This is also the conclusion of the European Council of Fatwa and Research.

‘Eidul Adha at IONA will be at 8 AM at IONA center

· In order to lessen congestion in the parking lots, we ask you to car pool. Once IONA’s parking lot is full, it will be closed and you will be directed to park at King Plaza’s BACK parking lot. Additional parking is at the Professional Medical Building (behind King’s Plaza by 12 Mile Rd.) Please use the back end of their parking lot.

· Please park in the designated parking areas only. Please do not park illegally. Parking on people’s driveways or streets is not allowed.

- Absolutely no praying outside the building.

·  No food will be served after the Eid prayer. Please DO NOT bring food of any kind nor any drinks to the center.

· We ask you to keep your children with you at all times.

“We look forward to your cooperation. Have a blessed and happy Eid.”

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Imam El-Amin Upbeat After Loss in Detroit City Council Primary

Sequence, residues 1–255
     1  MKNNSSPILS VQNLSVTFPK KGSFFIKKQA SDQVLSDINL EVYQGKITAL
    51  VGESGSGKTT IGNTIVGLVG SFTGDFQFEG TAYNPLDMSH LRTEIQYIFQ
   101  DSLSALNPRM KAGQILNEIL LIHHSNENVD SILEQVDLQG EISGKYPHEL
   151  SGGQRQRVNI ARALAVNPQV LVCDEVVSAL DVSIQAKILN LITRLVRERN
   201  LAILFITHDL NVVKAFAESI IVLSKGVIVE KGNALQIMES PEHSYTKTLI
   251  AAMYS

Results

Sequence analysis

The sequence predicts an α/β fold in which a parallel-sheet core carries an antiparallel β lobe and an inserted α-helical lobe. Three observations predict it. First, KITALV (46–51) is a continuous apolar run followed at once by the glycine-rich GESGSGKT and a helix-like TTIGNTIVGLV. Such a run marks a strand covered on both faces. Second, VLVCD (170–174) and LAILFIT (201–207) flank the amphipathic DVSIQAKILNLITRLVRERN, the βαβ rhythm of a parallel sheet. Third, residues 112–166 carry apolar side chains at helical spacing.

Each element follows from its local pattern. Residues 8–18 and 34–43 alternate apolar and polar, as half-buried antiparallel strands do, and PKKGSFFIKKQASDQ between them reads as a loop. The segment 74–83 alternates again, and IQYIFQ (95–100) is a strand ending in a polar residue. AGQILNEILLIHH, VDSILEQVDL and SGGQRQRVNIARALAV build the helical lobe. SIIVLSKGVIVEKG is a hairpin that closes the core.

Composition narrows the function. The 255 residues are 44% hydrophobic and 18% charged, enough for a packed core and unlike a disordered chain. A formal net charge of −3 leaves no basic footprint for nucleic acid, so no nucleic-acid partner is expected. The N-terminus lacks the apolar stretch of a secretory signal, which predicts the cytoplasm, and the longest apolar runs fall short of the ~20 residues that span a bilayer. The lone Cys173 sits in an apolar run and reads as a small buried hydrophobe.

August 6, 2009 by · Leave a Comment 

By Adil James, Muslim Media News Service (MMNS)

charles pugh
Detroit City Council frontrunner, Fox 2 news reporter Charles Pugh.

Detroit–August 5–Imam El-Amin of the Muslim Unity Center appears largely unfazed by the setback of not winning the primary for the Detroit City Council.

Speaking with TMO this morning, Imam El-Amin explained that he had not won; however he explained that his next column for TMO would be about accepting Allah’s will, which is an important and sometimes difficult decision to make, as here, when things have not gone the way we intended.

While many who engage in politics immediately lose their moral compass once they smell the possibility of success and a fat government paycheck, not so Imam El-Amin.

He explained to me on the eve of the election that “I’m not worried about [the notable people in the election] because we don’t know who’s going to be running, and actually it doesn’t matter–because I just want people to vote for me.  I’m not running against them, I’m running for me.”

The imam met with early success in his bid for the city council spot, collecting 800 signatures–in a weekend–for a petition that required 458 to qualify to run.
In fact, he explained that he  only ran after having been asked to run for the office by a group of Muslims and non-Muslims.